Italian 101: Facts about the Italian language
When you want to learn another language it is advisable to check some things before you ‘hit the books’. Every language is different and some are easier than other. Some languages have an easy way of pronouncing and reading words but the grammar could be quite difficult and vice versa. Variations are practically endless.
Let’s say for example that you’ve decided to study Italian. Before you attend your first lesson or even start looking for a good language school such as Studioitalia, here are some facts you should know before you start.
Italian Language History
Italian is considered as the world’s most romantic and melodic language and it is the most desirable languages to learn so no wonder many people are striving to master this enchanting language. The history of the Italian language is actually illustrated in the history of Italy itself and vice versa.
Classified as one of the Romance languages, Italian falls into the family of Indo-European languages and it derived from Latin. Actually, the Italian language probably most closely resembles Latin. Unlike other languages that you can hear on in their ‘native’ country, Italian has ‘stretched’ its arms across the borders of Italy and you can hear it in Switzerland, Corsica, Sicily, some parts of the Adriatic Sea and also in some of the former Italian colonies such as Somalia. Just like many other languages, Italian aside from Italy, of course, is the official language in many countries such as the Vatican, San Marino, Switzerland and Slovenia.
The impact of the Italian language on the world through cuisine, music, art, architecture and science is huge and it’s influence is very prominent in other languages. After all, we all use the words ‘ciao’ and ‘pizza’.
Since Italian is quite widely spread it’s bound to have different dialects and even within the Italian border, you can notice different dialects. The most popular ones are Tuscan, Friulian and Ladin, Venetian, Neapolitan and Sicilian.
Italian Language Grammar
Now that we have covered the historical background let’s focus a bit on the grammar. The first thing worthy of mentioning are the pronouns. Unlike some languages where personal pronouns are necessary, you don’t have to use personal pronouns in the subject of the sentence in Italian. Why is this? Well this is mainly due to the fact that the verb ending provides information about the subject and personal pronouns are mainly used in order to emphasize the subject.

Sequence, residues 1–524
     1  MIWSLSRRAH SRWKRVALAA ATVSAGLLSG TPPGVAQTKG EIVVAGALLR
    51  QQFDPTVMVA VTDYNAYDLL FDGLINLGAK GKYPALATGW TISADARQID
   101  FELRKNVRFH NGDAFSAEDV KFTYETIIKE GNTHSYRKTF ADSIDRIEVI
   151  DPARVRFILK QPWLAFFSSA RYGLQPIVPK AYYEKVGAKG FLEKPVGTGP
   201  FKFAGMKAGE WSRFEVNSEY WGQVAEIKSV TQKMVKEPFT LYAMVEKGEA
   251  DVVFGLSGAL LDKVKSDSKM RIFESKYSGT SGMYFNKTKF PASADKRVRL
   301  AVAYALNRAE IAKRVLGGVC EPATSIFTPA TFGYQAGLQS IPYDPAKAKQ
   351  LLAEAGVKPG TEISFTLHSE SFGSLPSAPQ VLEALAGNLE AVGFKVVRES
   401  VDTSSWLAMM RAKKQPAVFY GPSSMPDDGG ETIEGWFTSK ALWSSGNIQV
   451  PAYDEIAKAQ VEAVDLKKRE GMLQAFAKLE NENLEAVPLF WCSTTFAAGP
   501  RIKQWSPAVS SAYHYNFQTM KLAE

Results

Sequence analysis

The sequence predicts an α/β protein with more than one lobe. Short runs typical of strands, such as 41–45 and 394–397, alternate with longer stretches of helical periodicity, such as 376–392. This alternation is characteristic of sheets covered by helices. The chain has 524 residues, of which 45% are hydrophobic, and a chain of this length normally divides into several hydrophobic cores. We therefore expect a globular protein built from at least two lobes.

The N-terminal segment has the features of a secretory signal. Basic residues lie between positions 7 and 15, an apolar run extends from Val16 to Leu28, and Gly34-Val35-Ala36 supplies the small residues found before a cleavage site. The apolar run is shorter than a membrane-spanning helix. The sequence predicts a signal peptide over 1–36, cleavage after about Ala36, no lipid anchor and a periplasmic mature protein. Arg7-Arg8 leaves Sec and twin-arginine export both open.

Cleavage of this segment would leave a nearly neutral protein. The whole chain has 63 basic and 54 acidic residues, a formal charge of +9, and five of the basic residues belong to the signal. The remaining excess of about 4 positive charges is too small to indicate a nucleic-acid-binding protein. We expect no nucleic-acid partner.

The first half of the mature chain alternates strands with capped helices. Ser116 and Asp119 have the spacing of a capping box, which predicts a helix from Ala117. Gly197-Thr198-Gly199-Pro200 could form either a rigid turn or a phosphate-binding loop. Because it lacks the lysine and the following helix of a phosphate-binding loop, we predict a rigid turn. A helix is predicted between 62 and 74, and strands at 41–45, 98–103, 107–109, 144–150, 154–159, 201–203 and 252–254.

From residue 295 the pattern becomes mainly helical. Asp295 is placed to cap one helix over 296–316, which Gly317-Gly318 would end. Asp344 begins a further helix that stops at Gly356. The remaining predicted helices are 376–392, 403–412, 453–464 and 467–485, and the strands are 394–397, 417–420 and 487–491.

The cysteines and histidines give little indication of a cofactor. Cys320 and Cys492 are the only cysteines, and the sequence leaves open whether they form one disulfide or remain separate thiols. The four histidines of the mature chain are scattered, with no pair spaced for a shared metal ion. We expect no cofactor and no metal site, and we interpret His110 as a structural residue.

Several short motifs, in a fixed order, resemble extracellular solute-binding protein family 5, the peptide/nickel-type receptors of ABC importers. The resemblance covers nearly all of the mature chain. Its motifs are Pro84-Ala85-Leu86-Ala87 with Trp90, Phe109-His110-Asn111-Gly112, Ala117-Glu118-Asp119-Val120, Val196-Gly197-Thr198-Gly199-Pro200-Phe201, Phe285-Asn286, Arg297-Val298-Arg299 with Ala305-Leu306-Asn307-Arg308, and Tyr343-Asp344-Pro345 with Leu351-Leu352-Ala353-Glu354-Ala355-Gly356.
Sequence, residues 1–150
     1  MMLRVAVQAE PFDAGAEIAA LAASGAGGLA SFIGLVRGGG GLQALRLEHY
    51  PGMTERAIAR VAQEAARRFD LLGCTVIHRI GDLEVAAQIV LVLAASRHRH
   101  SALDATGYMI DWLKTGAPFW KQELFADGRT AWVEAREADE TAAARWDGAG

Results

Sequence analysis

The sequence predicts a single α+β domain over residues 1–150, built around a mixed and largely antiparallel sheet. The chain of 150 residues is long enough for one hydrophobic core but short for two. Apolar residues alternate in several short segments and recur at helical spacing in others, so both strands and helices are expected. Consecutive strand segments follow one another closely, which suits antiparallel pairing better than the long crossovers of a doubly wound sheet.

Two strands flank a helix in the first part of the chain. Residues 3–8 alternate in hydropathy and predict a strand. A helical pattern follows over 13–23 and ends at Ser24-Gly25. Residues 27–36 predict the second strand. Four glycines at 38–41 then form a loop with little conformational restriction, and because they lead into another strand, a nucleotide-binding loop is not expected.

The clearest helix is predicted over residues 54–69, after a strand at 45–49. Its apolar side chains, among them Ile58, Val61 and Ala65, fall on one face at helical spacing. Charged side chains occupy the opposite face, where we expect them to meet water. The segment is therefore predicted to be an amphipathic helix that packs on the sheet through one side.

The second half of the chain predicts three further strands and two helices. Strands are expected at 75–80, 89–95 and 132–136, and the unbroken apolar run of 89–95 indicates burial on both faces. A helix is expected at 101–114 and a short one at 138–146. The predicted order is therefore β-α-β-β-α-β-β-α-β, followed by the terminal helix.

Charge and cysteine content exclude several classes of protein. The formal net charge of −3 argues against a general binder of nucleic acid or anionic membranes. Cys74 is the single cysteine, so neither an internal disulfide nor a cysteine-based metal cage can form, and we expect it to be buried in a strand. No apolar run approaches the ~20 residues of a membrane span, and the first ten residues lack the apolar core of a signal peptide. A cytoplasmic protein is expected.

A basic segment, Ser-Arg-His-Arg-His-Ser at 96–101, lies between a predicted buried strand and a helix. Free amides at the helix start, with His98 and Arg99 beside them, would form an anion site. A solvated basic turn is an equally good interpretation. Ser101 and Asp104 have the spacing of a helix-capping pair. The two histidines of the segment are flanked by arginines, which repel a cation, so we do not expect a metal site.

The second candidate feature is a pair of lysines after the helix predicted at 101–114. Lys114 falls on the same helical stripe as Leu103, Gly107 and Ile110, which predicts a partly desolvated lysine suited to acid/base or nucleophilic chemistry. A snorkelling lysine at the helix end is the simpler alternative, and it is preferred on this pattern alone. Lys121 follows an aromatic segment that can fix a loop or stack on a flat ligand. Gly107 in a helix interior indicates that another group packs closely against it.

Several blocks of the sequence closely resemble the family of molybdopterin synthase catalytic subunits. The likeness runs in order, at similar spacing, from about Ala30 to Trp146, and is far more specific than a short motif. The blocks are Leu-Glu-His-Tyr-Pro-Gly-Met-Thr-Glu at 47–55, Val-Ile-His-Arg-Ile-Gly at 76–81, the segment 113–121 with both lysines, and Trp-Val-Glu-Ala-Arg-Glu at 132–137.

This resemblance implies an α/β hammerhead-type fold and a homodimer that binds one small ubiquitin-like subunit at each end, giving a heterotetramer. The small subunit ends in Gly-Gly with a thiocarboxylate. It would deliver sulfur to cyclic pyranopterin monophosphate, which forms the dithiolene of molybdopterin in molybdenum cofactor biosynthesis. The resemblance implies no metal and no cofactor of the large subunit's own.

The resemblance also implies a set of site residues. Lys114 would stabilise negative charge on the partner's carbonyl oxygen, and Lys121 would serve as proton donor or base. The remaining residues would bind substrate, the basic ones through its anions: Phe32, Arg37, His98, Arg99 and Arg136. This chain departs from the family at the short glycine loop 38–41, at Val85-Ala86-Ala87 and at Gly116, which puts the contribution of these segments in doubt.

What about the singular or plural? In some languages you can’t really tell the difference whether it’s singular or plural and you have to look at the context. However in the Italian language, you can gather a lot of information from the pronoun, here’s how:
When you want to say ‘I’ (referring to yourself) you say ‘io” and when you want to say ‘we’ (referring to a group where you’re included) you say ‘noi’.
If you want to refer to a single person that you are familiar with, you would use ‘tu’ and when you want to refer to a group that you are also familiar with (so this is plural) you would use ‘voi’. Also keep in mind that ‘Voi’ (‘voi’ with a capital ‘V’) can also be used as a reference to someone who you are not so familiar with.
When referring to a female person (that you’re familiar with) you would normally use ‘lei’ as in ‘she’ but this term can also be used in the form of ‘Lei’ (notice the capital ‘L’) where it’s used as a ‘polite’ form of ‘tu’ (you). And when you’re referring to a male person (that you are familiar with) you would use ‘lui’.
Aside from using ‘voi’ for an unfamiliar group reference, you can also use ‘Loro’ or ‘loro’ (again, notice the capital ‘L’).
Infinitive forms of verbs can have one of three endings: -are; -ere or -ire and most Italian verbs are regular.
We will use the verb ‘mangiare’ (notice that ends with ‘-are’) which means ‘to eat’ and we will indicate that something is happening right now.
Depending on the verb’s ending (infinitive form) the ending will change if we are talking about us (first person), a second or third person and also if it’s in singular or plural.
1st person the ending is -o
2nd person the ending is -i
3rd person the nding is -a
1st person the ending is -iamo
2nd person the ending is -ate
3rd person the ending is -ano
1st person (singular) ‘Io mangio’ or just ‘Mangio’ (I eat)
2nd person (singular) ‘Tu mangi’ (you eat)
3rd person (singular) ‘Antonia mangia’ (Antonio eats)
1st person (plural) ‘Noi mangiamo’ (We eat)
2nd person (plural) ‘Voi mangiate’ (You eat)
3rd person (plural) ‘loro mangiano’ (they eat)
Forming a questions is very similar to most European languages. You simply raise the intonation at the end of the sentence. Noi mangiamo?
When it come to writing, Italian is written using the Latin alphabet. Italians use both acute and grave accents for marking words with irregular stress.
We understand that this many information at once could be overwhelming, but it will start making sense when you start going in deeper and deeper into your Italian studies. You will see that Italian is actually quite easy to learn and you will enjoy it even more.
If you’re thinking about learning the Italian language, why don’t you join us for an Italian language course? Check out our special Facebook promotion here.